A mother and son in front of their house in Izium, Ukraine, on Wednesday.Credit...Evgeniy Maloletka/Associated Press/New York Times
KYIV — Three months ago I met Vyacheslav Zadorenko, a community leader from the Kharkiv region. From the relative safety of Derhachi, he told me about how his village, a settlement on the Russian border, had been occupied in the first days of Russia’s invasion. His mother didn’t manage to escape. “My personal victory,” he said, “would be when I can return to my family house.” In midsummer, as Russia consolidated its gains and slowly secured more, that seemed a sad, impossible dream.
But now it’s come true. A video posted on Telegram shows Mr. Zadorenko reunited with his mother. “I’ve gathered all your things, my dear son,” she says, running toward him excitedly. “I knew you’d come to liberate me; I was waiting.” Bending down to hug her, he replies, “Mom, you’re as beautiful as ever.”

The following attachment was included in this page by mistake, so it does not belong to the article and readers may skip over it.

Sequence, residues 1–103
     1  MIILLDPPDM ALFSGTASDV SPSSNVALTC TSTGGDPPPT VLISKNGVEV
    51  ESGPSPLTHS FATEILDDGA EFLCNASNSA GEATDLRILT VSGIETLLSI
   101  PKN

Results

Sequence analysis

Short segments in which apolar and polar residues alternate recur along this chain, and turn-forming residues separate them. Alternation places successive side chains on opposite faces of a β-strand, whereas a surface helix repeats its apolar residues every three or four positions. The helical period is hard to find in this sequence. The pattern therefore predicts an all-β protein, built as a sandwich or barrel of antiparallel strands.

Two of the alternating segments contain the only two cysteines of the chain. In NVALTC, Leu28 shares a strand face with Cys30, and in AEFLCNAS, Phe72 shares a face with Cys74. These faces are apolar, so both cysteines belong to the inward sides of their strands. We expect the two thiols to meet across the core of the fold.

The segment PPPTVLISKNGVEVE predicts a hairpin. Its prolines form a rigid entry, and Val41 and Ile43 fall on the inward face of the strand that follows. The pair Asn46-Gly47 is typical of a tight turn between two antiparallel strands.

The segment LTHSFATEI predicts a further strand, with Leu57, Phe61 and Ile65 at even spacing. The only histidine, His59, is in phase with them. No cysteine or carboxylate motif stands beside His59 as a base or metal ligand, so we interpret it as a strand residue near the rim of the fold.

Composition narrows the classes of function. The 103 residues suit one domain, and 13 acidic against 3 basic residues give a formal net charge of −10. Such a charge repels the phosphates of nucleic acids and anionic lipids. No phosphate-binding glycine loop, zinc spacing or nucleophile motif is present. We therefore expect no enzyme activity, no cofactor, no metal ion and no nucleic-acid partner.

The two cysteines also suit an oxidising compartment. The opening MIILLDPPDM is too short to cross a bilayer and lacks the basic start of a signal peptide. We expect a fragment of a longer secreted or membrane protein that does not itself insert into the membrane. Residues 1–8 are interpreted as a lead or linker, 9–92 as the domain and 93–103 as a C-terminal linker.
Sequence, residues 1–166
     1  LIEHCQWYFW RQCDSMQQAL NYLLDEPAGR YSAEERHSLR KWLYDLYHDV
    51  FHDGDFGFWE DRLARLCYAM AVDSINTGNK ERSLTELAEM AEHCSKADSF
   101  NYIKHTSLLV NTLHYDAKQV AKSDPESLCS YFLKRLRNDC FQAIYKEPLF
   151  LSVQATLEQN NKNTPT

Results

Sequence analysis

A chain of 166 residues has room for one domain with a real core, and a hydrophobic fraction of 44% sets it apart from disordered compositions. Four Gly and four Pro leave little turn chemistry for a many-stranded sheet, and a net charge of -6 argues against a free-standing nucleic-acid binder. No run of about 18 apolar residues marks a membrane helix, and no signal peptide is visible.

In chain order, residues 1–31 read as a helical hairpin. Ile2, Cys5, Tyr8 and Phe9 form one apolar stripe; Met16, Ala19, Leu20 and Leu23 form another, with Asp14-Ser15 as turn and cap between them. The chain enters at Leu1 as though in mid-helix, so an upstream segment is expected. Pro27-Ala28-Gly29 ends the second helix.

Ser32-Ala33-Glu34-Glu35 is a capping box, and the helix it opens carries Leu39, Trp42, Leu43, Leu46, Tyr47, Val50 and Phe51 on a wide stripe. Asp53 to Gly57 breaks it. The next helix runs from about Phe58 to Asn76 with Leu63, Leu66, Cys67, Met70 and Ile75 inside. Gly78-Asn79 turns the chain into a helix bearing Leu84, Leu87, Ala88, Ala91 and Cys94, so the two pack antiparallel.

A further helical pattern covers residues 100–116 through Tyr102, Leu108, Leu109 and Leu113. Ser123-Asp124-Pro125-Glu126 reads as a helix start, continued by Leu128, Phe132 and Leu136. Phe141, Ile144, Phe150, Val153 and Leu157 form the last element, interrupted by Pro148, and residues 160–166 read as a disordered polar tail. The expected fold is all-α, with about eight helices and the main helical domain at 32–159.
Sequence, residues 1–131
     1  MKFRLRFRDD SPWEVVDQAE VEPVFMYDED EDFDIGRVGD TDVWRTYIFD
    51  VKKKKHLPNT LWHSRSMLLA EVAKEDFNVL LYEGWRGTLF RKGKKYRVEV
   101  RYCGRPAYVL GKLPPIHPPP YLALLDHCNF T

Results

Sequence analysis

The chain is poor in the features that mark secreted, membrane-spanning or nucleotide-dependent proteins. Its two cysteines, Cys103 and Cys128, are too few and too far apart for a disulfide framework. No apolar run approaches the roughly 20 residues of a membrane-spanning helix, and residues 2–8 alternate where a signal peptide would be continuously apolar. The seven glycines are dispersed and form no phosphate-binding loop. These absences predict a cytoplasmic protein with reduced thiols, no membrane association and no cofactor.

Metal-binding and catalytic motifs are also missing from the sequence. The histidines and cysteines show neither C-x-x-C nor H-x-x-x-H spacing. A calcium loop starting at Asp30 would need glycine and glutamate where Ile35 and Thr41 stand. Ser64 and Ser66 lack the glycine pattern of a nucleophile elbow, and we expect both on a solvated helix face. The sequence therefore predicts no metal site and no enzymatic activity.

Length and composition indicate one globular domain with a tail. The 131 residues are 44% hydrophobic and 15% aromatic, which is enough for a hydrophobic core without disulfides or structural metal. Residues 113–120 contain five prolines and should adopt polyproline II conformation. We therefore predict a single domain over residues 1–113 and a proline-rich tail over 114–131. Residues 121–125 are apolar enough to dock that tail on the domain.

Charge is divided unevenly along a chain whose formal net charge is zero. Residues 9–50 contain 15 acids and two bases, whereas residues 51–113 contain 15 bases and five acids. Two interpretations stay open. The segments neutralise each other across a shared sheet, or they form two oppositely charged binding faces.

It’s a remarkable scene, one no doubt played out across the thousands of square miles of territory the Ukrainian forces have recaptured in recent days. A striking counteroffensive that liberated, according to the government, around 150,000 people, it has altered the shape of the nearly-seven-month conflict, delivering to Ukrainians a renewed sense of hope and a body blow to Russia.
Read the full story in The New York Times here.